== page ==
Other Bush administration memos that were later withdrawn argued that the president could unilaterally abrogate foreign treaties; could ignore guidance from Congress in dealing with terrorist suspects being detained; and could conduct warrantless wiretapping.

Since the release of the memos yesterday, expert opinion has essentially been united in denouncing the opinions.

Walter Dellinger, who ran OLC during the Clinton administration tells the New York Times that the Bradbury memo "disclaiming the opinions of earlier Bush lawyers sets out in blunt detail how irresponsible those earlier opinions were."

Jennifer Daskal of Human Rights Watch speaking to the Washington Post, singles out the memo that allowed the administration to send detainees to countries that commit human rights abuses. "That is [the Office of Legal Counsel] telling people how to get away with sending someone to a nation to be tortured," Daskal said. "The idea that the legal counsel's office would be essentially telling the president how to violate the law is completely contrary to the purpose and the role of what a legal adviser is supposed to do."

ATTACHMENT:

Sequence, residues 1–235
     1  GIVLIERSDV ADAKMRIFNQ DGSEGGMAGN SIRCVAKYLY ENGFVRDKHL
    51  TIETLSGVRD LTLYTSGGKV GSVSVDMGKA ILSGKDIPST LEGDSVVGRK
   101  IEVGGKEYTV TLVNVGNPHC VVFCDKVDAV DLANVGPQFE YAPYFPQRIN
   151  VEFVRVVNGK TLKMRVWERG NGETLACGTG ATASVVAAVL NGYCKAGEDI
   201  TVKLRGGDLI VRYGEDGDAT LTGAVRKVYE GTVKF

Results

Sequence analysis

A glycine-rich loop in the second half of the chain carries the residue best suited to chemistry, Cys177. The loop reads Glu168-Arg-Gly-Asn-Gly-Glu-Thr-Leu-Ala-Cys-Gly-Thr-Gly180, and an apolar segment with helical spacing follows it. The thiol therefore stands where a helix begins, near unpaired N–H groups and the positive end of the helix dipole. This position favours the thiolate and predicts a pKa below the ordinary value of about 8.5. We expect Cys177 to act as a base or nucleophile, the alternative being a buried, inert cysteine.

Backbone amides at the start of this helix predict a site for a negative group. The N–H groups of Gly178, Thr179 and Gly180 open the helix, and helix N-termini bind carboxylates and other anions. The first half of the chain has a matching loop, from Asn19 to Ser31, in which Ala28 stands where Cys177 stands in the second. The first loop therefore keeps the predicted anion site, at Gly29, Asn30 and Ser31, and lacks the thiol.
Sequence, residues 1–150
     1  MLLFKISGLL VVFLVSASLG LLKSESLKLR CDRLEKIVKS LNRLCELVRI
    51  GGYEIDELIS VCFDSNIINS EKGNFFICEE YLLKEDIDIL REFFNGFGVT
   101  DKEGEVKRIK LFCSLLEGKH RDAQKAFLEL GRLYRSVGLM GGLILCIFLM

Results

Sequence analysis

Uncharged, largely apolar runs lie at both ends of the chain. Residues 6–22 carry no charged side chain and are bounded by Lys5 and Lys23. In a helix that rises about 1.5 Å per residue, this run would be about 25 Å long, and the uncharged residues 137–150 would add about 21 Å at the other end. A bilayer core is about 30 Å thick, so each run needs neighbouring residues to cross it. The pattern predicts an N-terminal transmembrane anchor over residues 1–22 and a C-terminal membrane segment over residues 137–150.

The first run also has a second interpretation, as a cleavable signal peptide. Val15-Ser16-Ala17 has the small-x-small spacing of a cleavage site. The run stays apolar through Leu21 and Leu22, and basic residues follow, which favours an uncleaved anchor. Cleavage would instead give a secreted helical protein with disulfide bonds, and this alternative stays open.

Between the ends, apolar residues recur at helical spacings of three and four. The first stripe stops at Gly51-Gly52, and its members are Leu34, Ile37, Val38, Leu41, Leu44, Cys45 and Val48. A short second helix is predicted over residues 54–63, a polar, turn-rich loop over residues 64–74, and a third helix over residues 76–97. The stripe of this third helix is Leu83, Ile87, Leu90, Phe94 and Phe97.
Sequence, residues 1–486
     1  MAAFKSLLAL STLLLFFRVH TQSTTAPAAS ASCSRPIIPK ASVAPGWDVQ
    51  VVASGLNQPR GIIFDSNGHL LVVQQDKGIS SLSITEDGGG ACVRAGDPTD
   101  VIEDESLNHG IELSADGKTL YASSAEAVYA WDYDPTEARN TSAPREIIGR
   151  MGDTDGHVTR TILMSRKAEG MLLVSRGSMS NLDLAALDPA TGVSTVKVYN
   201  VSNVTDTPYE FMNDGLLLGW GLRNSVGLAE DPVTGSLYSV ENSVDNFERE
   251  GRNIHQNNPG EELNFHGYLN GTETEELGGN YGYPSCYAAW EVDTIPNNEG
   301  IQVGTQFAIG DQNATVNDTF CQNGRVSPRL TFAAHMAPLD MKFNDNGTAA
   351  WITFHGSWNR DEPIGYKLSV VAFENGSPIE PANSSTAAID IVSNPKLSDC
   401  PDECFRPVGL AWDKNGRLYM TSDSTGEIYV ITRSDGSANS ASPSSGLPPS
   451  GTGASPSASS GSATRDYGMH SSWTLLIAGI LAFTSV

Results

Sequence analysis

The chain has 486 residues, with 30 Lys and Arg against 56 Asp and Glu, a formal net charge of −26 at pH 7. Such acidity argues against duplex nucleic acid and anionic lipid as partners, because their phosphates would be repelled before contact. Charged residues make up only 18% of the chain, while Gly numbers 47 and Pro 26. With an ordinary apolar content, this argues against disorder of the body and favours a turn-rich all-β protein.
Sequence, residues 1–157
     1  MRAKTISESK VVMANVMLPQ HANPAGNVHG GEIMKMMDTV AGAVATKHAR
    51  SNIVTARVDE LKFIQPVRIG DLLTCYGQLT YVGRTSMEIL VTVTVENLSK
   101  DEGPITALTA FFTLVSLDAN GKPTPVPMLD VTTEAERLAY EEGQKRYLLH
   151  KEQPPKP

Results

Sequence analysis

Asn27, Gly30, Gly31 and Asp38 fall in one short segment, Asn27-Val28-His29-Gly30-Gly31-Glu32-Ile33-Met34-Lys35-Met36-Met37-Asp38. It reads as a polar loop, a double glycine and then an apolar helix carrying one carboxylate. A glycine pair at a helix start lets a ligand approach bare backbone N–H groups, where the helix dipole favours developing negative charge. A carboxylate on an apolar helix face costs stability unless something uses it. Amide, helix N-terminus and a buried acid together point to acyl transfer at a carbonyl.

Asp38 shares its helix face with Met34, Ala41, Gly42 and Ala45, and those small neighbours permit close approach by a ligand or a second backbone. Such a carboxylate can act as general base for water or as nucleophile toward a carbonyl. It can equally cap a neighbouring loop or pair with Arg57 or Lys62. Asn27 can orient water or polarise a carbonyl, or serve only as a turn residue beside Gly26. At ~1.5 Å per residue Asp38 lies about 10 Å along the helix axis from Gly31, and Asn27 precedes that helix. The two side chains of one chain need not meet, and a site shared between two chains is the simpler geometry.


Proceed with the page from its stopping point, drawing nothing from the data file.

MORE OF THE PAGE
Orin Kerr, a law professor at George Washington, focuses on the memo that gave the administration the power to conduct warrantless wiretapping. Writing on the blog The Volokh Conspiracy, Kerr calls the argument that FISA doesn't apply to national security issues -- which appears to be the memo's argument -- "an extremely lame analysis." He continues: "Much of the point of FISA was to regulate that."*